Monday 24 October 2016

I, Daniel Blake

Blake’s Heaven

I, Daniel Blake
2016  UK/France/Belgium
Directed by Ken Loach
UK cinema release print.

Well this is a first for me. I’ve never seen a Ken Loach movie before. Yeah, I know... how did I get to be this old and not have seen a Ken Loach movie? Well the truth is, I’ve always kinda avoided him. I’ve never had any doubts that he’s a skilled director (and this movie certainly gives strong evidence of that) but he’s just never really made the kinds of films I’ve wanted to see. If I see a film giving a social commentary then I’d much rather see it wrapped up as science fiction or horror where the issue can be explored at a level of speculation unavailable to films not in those genres. But it’s not even that because, I’m okay with some other directors who do this kind of thing, to an extent. So, really, I don’t know what my excuse is but, there you have it... he’s not a director I’m familiar with.

However, I saw the trailer to I, Daniel Blake and I recognised people I know.

That is to say, I recognised the types of people he’s talking about here. I used to know somebody living in extreme poverty facing exactly the same kinds of  bureaucratic problems revolving around receiving benefits while desperately unfit for work, in a similar dilemma the title character in this film faces. I am friends with an old man who has been travelling the same bus route as me for years who has no computer, no television, no mobile phone and no way of knowing how to use those things anyway. He’s about as far away from being a digital native as you can get. Another man who sometimes rides the bus with me has been told by his pensions office that he’s got to do a load of stuff online to continue to receive his much needed pension. He wouldn’t know what a modern computer even looks like, let alone know how to turn it on if he could get access. Some of these people barely have enough money to manage to eat for a week let alone be able to afford any real access to a digital world they won’t understand... so how do they survive in this terrible new world of governments running through computers?

So, yeah, I saw the trailer to this movie and it all looked very relevant to me and I thought, yeah, I probably should pop my Ken Loach cherry on this one. And I’m kinda glad I did.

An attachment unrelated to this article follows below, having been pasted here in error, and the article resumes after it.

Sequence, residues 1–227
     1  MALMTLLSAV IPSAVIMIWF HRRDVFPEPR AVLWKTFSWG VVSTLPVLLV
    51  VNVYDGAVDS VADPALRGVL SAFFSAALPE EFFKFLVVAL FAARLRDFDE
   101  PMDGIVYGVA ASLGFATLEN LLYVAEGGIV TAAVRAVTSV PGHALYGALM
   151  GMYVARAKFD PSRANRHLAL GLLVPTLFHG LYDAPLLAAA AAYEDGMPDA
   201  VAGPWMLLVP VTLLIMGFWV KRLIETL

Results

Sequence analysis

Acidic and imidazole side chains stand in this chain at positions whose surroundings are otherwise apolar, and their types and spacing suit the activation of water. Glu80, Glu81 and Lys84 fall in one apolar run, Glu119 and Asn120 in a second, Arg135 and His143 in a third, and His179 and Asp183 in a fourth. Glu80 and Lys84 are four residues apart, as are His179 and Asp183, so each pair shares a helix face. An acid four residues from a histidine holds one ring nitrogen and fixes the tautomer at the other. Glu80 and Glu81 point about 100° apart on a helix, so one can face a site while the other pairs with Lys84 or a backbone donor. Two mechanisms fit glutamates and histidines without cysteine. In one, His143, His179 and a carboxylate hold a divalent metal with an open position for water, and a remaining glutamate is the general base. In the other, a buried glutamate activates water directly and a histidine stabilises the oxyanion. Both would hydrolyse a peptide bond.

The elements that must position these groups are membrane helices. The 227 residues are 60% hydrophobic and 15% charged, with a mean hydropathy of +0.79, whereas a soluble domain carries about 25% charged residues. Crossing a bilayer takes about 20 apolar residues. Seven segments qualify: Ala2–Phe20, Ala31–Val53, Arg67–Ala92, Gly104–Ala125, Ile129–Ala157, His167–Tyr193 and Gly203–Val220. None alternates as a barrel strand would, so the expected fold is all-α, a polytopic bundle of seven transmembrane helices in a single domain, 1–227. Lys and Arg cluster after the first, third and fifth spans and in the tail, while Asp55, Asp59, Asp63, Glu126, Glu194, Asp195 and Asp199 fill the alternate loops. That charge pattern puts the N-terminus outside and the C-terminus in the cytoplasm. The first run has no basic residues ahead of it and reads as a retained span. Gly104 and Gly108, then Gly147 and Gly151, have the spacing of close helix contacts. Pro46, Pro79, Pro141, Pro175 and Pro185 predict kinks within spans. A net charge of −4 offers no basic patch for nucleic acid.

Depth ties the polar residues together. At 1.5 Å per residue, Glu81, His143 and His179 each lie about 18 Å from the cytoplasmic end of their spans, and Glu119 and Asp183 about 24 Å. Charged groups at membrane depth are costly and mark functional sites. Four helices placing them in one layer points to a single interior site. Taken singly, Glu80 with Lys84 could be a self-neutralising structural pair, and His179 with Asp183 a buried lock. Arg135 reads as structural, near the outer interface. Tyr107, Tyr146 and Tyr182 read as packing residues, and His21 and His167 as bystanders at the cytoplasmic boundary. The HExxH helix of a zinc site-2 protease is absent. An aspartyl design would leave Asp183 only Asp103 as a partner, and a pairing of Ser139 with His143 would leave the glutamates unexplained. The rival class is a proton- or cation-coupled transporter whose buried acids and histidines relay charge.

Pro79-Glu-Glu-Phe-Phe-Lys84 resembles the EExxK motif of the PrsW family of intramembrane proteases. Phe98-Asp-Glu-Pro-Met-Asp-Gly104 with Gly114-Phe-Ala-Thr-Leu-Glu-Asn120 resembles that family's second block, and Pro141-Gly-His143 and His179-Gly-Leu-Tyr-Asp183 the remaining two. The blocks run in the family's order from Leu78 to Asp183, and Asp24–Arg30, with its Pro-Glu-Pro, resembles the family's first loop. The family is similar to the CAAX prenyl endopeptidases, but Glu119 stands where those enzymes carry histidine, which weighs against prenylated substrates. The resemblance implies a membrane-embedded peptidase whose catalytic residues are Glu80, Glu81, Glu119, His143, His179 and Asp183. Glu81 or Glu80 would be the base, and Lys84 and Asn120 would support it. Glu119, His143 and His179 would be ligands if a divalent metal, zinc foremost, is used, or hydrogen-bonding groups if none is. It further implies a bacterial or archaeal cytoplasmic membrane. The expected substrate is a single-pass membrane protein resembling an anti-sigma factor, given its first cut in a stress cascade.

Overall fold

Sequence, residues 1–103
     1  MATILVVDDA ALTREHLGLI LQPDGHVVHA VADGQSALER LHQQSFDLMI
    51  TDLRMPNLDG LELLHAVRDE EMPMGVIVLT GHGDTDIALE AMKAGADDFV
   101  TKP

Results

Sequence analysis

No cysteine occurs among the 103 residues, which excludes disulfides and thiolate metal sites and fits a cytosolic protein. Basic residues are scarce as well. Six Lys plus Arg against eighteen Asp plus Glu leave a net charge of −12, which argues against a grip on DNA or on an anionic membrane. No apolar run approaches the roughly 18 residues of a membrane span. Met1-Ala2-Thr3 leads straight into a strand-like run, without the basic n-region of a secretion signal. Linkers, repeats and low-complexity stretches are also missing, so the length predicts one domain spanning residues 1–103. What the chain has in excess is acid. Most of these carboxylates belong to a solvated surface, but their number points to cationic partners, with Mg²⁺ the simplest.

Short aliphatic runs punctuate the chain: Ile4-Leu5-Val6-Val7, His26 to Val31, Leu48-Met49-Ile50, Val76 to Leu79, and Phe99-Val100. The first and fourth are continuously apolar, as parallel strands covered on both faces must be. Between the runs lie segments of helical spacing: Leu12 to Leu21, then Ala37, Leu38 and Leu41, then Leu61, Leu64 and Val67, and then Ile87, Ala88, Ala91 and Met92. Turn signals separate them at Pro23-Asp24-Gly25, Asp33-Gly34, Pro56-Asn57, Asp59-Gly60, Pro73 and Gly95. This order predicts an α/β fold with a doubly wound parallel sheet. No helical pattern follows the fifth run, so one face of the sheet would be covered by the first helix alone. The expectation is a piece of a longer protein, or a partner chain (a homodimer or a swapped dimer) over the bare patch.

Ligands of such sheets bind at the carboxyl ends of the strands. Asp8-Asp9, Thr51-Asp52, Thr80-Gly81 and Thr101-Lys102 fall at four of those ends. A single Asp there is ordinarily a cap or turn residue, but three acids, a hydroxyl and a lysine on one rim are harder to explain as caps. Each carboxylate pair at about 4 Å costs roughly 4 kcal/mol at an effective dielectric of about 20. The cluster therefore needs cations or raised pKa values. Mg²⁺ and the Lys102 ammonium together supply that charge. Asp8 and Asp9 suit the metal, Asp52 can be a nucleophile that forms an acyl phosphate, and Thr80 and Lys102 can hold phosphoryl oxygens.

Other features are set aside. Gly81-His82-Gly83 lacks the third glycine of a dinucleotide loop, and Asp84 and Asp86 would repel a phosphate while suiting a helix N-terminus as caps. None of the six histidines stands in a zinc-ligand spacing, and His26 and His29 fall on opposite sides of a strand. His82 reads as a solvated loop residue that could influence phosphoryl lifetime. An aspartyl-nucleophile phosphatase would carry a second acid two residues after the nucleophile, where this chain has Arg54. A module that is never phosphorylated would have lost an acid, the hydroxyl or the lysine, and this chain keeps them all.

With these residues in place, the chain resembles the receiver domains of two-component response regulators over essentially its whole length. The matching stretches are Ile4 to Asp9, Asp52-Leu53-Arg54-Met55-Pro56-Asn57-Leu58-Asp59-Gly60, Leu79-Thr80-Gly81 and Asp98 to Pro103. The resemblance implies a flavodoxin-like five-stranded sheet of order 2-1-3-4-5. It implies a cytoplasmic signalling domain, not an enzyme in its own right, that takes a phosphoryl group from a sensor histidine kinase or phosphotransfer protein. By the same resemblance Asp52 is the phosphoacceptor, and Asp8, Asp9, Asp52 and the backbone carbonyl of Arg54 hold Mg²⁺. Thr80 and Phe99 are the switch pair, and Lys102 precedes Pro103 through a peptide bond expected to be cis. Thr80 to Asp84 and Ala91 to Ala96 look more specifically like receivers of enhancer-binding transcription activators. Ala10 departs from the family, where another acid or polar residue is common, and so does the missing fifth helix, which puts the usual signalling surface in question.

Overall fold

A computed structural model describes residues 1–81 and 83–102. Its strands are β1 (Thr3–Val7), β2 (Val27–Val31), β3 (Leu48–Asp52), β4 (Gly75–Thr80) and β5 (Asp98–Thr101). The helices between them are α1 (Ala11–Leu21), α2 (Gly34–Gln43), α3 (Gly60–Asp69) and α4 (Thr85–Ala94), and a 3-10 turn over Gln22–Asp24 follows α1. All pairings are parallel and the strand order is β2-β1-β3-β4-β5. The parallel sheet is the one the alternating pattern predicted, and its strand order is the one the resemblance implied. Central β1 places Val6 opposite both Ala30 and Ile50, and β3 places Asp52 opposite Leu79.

I, Daniel Blake stars Dave Johns in the title role. A sixty-something year old who has lost his wife and who has recently had a heart attack on the construction site where he works as a carpenter. His doctor has told him he can’t yet go back to work but... the government says he’s fit for work and so he has to appeal and sign on and try to negotiate the whole Jobseekers Allowance charade. So in a very short time his life goes all Kafkaesque as he tries to negotiate a red tape world of online forms and stupid people who will only lift a finger to help once the paperwork is correctly filled in... and probably not even then.

In his adventures in Government stupidity, he befriends a relocated single mother called Katie, played by Hayley Squires, and her two young children. He helps out by lending his construction skills to fix things for her, watch the kids when she's out and generally being a ray of hope in her life while, all the time, the thick miasma of Government stupidity seeks to drag him down too. The movie explores their relationship and the way they attempt to fight or work around the system... and the lows and lows it takes them to.

Now Loach is not quite the ‘man rubbing a raw wound’ that I thought he would be. He’s not out to say that everyone in Government is bad or that all of the ‘little people’ are good either. It seems to me that he’s happy to see the good and bad in some people without them deferring to the sides of the two worlds they live in and this is quite a refreshing approach, actually.